Four Guantanamo Detainees Transferred to Saudi Arabia
Washington, D.C.—Human Rights First today praised the transfer of four Yemeni Guantanamo detainees to Saudi Arabia, and encourages President Obama to continue to transfer the remaining cleared detainees before he leaves office in a few weeks.
“While today’s transfer is encouraging, the president must act swiftly if he is to transfer the remaining detainees who have been unanimously cleared by national security agencies,” said Human Rights First’s Raha Wala. “The president has signaled time and again that closing Guantanamo is a priority for his administration; though it seems unlikely he is to complete that goal, he can and should continue to dwindle the population.”
The transfer comes as President Obama prepares to sign the National Defense Authorization Act (NDAA). The bill includes language that makes it nearly impossible for President Obama to close the detention facility at Guantanamo Bay, despite the fact that national security leaders from across the political spectrum have urged the president and Congress to make shuttering this facility a top priority. The NDAA extends unnecessary bans on transferring detainees to the United States until after President Obama leaves office.
Earlier this year, the Pentagon released the administration’s plan for closing Guantanamo, which includes the transfer of detainees at Guantanamo who have been cleared for transfer by defense, intelligence, and law enforcement agencies. It also mandates expedited review, pursuant to administrative Periodic Review Board (PRB) hearings, of the remaining detainees who are not facing trial to determine if they can be cleared for transfer. The remaining detainees who will not be transferred in the near term would be relocated to one of 13 stateside detention facilities, pending congressional approval. This would result in annual operating savings of up to $85 million compared to the cost of detention operations at Guantanamo. Following today’s transfer there are 55 detainees held at Guantanamo, which costs approximately $445 million per year to operate, more than $7 million per detainee. Nineteen detainees have been unanimously cleared for transfer by six national security and intelligence agencies.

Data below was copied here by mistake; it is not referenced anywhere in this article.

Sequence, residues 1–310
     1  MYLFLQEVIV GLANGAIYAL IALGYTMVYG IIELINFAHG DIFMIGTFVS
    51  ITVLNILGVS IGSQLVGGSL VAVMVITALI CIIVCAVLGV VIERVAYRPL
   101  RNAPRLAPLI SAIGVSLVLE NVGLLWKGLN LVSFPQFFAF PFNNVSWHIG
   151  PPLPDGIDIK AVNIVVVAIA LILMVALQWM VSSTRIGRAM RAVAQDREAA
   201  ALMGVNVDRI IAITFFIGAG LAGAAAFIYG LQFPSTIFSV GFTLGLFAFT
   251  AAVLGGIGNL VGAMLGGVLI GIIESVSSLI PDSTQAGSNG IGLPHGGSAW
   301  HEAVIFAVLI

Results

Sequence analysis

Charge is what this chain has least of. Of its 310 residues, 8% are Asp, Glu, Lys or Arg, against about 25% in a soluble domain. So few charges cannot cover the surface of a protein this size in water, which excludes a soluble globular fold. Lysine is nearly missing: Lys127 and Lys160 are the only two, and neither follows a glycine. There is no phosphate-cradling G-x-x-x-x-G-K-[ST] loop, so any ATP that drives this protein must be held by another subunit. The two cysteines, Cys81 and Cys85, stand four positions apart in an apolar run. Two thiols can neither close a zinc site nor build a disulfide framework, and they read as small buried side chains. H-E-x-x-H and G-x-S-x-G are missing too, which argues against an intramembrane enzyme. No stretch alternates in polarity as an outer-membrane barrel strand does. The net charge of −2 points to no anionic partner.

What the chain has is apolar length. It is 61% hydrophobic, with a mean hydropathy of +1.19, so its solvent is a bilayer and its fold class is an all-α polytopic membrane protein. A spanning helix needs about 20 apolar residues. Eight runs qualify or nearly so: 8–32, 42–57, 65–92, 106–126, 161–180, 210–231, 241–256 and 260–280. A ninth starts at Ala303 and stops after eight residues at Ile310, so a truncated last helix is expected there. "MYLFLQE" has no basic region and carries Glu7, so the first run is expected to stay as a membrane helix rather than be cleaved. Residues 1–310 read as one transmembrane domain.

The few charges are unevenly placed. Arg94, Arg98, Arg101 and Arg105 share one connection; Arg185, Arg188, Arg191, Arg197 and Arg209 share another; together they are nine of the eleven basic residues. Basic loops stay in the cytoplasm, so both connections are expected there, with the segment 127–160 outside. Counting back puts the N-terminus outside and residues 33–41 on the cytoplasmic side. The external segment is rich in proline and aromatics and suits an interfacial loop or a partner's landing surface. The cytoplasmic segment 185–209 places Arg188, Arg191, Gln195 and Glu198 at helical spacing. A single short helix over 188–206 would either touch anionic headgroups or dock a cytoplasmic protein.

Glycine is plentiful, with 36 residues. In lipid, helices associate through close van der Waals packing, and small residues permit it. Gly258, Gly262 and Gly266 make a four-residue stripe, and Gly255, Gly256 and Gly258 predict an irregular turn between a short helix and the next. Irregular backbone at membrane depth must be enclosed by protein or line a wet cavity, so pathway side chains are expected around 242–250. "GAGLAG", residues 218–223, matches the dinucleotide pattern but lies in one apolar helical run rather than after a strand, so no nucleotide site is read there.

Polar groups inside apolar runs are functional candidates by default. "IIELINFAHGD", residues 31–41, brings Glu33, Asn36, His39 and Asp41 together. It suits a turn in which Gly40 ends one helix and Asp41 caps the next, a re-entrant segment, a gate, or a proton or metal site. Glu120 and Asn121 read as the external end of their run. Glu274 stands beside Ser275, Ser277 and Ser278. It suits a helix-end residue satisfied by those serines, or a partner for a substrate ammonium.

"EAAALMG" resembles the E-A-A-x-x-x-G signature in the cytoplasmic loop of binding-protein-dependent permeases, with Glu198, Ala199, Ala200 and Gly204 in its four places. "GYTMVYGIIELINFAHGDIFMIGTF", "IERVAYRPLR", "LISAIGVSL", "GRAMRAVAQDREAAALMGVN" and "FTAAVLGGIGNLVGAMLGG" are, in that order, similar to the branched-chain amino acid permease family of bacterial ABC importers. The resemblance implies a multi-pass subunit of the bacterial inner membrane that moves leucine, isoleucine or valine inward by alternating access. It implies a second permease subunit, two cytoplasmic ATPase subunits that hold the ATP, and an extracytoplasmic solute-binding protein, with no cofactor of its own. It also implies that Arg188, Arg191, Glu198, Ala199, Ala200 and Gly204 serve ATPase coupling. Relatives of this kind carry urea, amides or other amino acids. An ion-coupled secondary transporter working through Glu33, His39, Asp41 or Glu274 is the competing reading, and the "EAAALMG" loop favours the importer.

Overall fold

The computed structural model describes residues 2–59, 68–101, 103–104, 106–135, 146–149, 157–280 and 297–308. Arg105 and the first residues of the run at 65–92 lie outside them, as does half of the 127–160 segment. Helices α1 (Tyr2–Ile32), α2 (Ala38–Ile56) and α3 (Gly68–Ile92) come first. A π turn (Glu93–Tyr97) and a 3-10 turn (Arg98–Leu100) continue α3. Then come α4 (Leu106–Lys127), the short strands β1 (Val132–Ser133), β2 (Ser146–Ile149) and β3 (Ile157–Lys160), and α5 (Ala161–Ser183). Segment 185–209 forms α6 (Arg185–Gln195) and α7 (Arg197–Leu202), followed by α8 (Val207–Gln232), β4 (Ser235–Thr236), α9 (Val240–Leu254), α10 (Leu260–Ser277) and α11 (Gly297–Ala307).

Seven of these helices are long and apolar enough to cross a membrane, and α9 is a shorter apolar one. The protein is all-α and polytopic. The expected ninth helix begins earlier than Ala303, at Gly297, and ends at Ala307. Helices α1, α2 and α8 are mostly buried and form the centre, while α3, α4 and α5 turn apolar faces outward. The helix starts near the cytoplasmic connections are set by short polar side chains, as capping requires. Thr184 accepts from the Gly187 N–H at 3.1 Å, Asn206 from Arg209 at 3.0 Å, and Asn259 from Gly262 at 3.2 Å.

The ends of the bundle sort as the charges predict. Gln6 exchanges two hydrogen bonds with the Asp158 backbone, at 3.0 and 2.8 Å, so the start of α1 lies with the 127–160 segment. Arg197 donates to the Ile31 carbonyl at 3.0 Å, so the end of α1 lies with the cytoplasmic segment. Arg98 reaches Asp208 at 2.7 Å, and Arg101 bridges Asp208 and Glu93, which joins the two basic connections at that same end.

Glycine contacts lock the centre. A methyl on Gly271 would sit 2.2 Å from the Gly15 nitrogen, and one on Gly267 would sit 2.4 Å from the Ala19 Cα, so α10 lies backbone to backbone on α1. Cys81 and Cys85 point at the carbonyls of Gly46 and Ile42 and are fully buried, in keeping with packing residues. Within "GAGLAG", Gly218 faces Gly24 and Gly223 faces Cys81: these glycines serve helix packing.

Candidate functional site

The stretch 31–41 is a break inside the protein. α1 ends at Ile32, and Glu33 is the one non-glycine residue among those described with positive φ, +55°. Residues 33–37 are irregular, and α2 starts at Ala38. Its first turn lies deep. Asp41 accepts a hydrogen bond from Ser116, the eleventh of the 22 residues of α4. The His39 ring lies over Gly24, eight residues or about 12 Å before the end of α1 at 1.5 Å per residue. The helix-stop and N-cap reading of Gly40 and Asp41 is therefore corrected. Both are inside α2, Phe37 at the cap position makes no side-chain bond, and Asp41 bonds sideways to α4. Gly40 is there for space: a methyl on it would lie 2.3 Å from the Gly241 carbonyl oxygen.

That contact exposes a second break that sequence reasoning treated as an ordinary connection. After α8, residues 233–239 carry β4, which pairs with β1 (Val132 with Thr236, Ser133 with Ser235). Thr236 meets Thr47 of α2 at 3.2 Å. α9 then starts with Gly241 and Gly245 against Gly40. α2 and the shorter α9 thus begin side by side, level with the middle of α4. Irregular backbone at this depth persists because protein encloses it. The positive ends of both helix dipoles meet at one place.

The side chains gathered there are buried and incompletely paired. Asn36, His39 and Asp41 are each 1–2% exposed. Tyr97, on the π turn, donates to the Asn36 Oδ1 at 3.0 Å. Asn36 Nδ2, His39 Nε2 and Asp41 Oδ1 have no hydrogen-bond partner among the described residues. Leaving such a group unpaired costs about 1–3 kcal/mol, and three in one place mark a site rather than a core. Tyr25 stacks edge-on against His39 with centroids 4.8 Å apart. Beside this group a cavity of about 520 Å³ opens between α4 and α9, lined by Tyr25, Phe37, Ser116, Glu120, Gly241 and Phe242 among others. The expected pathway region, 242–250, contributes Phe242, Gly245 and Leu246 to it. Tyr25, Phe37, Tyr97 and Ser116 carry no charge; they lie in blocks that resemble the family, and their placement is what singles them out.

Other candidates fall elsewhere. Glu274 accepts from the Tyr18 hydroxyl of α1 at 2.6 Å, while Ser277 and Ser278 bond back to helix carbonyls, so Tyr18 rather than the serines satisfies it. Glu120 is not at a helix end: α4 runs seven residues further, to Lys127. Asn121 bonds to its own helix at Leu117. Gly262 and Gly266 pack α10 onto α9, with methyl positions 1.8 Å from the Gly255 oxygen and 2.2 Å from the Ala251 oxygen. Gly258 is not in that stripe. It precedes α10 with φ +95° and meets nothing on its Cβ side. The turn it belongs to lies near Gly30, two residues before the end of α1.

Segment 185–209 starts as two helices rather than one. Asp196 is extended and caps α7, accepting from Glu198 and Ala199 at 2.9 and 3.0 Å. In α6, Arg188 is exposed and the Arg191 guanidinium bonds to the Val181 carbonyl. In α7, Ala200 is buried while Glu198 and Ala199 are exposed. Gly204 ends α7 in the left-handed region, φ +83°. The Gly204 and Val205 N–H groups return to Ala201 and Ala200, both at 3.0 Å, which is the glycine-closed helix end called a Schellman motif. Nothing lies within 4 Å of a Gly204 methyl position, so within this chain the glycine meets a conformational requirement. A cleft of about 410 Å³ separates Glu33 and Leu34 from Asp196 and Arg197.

Thirty-six retired generals and admirals of the U.S. Armed Forces sent a letter to the chairmen and ranking members of the Senate and House Armed Services Committees, urging them to carefully consider the Obama Administration’s plan to close Guantanamo, and to work with the president to shutter the detention facility. “Closing Guantanamo will not be easy, but it is the right thing to do, and we call on you to work together to accomplish it. We take heart that our nation has elected people who will exercise their conscientious judgment, but who will not allow politics to obscure courage,” wrote the generals and admirals.